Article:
Sean Joyce

Rookie - 0 Points (17 April Everyear / Galway, Ireland)

The Best Day Ever - Poem by Sean Joyce

We sat on the rug behind the
Bedford van eating our picnic.
The van masked us from the breeze
blowing from the sea and masked
the primus stove that slowly
boiled the water for our tea.

We ate boiled eggs and tomatoes
chicken legs and slices of pink ham
Johnny put jam on chicken and
mustard on his ham. He said the
tomatoes were the biggest ever.

My mother and my grandmother
my aunties and their babies
and around about my auntie's
husbands playing 'pitch and toss'.
I was allowed to keep all the pennies
that landed in my reach and
many did.

Other people came by and stoping
their cars they chatted for a while
'Wasn't that a grand day? ', they'd
ask. And we all agreed that it was.
Then Granny said - it was the best,
the best day ever, and it was.

Afterwards the babies rolled on the rug
while their mothers hung their nappies
on the roof-rack of the van.
On the roof-rack of the old Bedford where
they were already blowing in the wind.

Later, when the spaces were empty
the day grew darker and the wind blew harder.
It blew through the grass picking
up the sand and blowing it about.

Later still when we were all far away
Johnny died unexpectedly. Some years
later my granny died, then my mother.
Recently my uncles have begun to die
and soon it will be the babies. And
before that I suppose it will be me

Comments about The Best Day Ever by Sean Joyce

  • Sulaiman Mohd Yusof (4/12/2008 10:49:00 PM)

    we all hv had our best will matter how and what and why and when..............and who......... (Report)Reply

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  • (12/28/2005 8:48:00 PM)

    its is some folks that live in places that dont keep up with other places and if we was sociopsycholo people we could think up a name for that and it will change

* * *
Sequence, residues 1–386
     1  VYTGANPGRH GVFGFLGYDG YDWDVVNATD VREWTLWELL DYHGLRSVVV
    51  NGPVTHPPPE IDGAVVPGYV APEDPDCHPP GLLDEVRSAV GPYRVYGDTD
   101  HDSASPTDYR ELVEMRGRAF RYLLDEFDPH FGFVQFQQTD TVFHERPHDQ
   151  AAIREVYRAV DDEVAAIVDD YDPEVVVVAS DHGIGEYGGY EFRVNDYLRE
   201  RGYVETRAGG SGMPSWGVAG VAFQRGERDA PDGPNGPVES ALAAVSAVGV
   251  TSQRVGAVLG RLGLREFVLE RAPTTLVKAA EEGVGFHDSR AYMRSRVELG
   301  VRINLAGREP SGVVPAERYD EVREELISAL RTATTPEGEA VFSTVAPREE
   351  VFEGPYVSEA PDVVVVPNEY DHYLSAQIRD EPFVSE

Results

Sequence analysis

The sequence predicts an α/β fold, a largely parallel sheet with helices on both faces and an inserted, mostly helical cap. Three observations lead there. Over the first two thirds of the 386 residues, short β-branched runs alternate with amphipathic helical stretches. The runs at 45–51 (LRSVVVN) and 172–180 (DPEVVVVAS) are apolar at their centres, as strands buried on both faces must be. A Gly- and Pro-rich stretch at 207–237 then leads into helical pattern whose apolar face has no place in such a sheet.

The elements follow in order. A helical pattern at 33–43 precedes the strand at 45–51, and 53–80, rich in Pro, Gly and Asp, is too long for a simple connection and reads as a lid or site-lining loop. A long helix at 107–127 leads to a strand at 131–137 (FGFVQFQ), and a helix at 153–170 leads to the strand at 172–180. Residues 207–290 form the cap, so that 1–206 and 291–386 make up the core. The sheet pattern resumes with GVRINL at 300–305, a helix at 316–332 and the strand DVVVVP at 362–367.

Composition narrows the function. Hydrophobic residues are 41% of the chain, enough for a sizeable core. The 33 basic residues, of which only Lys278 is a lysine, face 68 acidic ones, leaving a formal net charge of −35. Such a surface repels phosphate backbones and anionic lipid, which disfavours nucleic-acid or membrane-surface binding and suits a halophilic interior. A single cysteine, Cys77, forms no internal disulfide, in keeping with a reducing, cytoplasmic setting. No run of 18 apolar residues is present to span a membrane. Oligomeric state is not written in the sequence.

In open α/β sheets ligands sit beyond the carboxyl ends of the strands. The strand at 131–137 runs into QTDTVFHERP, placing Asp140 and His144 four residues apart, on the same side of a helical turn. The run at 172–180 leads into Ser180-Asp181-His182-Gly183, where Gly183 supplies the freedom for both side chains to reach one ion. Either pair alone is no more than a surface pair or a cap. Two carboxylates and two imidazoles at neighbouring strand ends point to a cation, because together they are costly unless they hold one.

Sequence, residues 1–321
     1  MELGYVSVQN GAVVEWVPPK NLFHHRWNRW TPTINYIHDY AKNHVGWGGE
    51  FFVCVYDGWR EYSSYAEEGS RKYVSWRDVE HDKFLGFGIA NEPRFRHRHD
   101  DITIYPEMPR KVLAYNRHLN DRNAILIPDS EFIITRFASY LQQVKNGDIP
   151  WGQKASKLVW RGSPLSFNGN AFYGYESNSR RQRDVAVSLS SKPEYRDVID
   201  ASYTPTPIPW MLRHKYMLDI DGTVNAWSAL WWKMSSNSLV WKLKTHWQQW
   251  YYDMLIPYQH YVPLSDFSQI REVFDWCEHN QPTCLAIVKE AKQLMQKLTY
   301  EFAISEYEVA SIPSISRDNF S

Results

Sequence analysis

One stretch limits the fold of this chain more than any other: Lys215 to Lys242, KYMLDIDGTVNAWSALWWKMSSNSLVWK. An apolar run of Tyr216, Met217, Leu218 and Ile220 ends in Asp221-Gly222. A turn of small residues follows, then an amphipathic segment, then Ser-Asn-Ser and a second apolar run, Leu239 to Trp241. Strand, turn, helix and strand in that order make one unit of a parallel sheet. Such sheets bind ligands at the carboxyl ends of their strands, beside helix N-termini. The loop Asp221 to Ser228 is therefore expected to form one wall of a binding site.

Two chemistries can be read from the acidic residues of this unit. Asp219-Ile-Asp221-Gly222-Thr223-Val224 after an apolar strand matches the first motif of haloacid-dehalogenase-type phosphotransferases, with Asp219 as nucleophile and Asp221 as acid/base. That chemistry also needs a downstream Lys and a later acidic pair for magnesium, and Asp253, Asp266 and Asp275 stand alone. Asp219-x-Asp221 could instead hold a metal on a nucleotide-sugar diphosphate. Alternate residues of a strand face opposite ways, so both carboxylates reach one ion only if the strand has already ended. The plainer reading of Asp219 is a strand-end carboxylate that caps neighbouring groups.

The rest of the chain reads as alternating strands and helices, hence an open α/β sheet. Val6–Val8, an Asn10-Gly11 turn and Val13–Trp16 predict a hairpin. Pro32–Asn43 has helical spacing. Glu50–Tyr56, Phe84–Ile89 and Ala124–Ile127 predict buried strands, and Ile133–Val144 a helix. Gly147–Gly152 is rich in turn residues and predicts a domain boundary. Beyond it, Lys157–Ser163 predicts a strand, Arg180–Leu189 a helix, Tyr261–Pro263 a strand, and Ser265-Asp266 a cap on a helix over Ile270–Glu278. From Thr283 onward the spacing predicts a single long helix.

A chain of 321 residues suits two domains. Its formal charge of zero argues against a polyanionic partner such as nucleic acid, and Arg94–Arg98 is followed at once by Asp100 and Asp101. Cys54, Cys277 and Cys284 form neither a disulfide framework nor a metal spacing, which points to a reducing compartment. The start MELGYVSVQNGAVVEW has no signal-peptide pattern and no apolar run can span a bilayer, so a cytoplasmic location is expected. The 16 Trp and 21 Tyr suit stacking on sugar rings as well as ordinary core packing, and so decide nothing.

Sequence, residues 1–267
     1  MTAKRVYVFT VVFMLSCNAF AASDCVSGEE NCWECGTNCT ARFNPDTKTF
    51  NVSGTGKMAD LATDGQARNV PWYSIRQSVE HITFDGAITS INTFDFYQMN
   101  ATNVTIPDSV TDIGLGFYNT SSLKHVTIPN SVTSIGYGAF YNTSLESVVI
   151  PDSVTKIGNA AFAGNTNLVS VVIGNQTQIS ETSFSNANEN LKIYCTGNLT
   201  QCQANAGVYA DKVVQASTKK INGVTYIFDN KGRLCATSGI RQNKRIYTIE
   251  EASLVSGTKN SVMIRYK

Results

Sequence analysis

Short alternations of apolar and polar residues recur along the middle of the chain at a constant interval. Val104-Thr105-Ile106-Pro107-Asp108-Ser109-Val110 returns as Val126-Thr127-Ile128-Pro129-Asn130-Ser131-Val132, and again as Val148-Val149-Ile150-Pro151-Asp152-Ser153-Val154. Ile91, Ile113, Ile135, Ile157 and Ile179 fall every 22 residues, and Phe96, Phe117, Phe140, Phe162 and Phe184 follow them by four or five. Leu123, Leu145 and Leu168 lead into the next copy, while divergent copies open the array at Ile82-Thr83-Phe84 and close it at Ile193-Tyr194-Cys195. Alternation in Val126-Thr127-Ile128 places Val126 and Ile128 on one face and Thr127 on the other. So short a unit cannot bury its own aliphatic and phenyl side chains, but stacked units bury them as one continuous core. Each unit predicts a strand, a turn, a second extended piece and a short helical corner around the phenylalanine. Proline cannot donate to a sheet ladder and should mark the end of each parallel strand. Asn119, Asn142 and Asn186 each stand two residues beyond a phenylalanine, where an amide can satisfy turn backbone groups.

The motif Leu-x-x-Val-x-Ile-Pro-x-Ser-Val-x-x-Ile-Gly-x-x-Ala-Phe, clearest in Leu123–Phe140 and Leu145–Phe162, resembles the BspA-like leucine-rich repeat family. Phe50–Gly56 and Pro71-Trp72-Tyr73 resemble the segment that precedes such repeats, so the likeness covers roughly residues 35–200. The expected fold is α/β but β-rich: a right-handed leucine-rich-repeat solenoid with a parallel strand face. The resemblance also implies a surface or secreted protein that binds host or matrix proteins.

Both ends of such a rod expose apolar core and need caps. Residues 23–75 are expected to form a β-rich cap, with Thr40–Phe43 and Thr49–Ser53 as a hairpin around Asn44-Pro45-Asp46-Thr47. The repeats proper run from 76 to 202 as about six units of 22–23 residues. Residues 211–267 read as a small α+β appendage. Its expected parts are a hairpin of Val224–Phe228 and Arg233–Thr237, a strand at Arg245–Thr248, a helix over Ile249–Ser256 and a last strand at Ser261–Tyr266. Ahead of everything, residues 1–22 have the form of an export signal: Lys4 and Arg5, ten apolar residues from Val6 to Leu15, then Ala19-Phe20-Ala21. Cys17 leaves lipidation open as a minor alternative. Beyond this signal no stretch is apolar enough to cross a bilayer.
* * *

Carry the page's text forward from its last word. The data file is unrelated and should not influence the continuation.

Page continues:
i will make a fortune commissioning architecture and taking over the world by being the wheel behind making places more hospitable then it will be nicer and not so ugly that u cringe just looking at someones home, the exterior walls of their domicile and their everything it will be better thanks to me but i did the easy stuff
    it was the other folks the architects engineers construction workers in their hard hats and those involved witht the building materials
    please listen world this is a pleed for no more contemporary sheet rock or flaky ceiling tiles lets figure out a better solution
    back in the good old days a man made a home out of aluminum soda cans and concrete
    i think missile silos r cool
    i'm not aware of a promo movie being made their

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  • (12/17/2005 3:49:00 AM)

    Sean, a wonderfu piece, written with grewat venacular (the lines. ''Wasn't that a grand day? ', they'd / ask. And we all agreed that it was' could not be written by anyone except an Irish person) .

    I love the way you casually look at death: as something that's going to happen and there is nothing that can be done about it. the final stanza is beautiful, it seems to suggest that it is the distance between people is what keeps them alive, and I guess that is true: the closer you are to someone the more alive they will in your memory, when they have physaically gone.

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Poem Submitted: Saturday, December 17, 2005

Poem Edited: Monday, April 21, 2008

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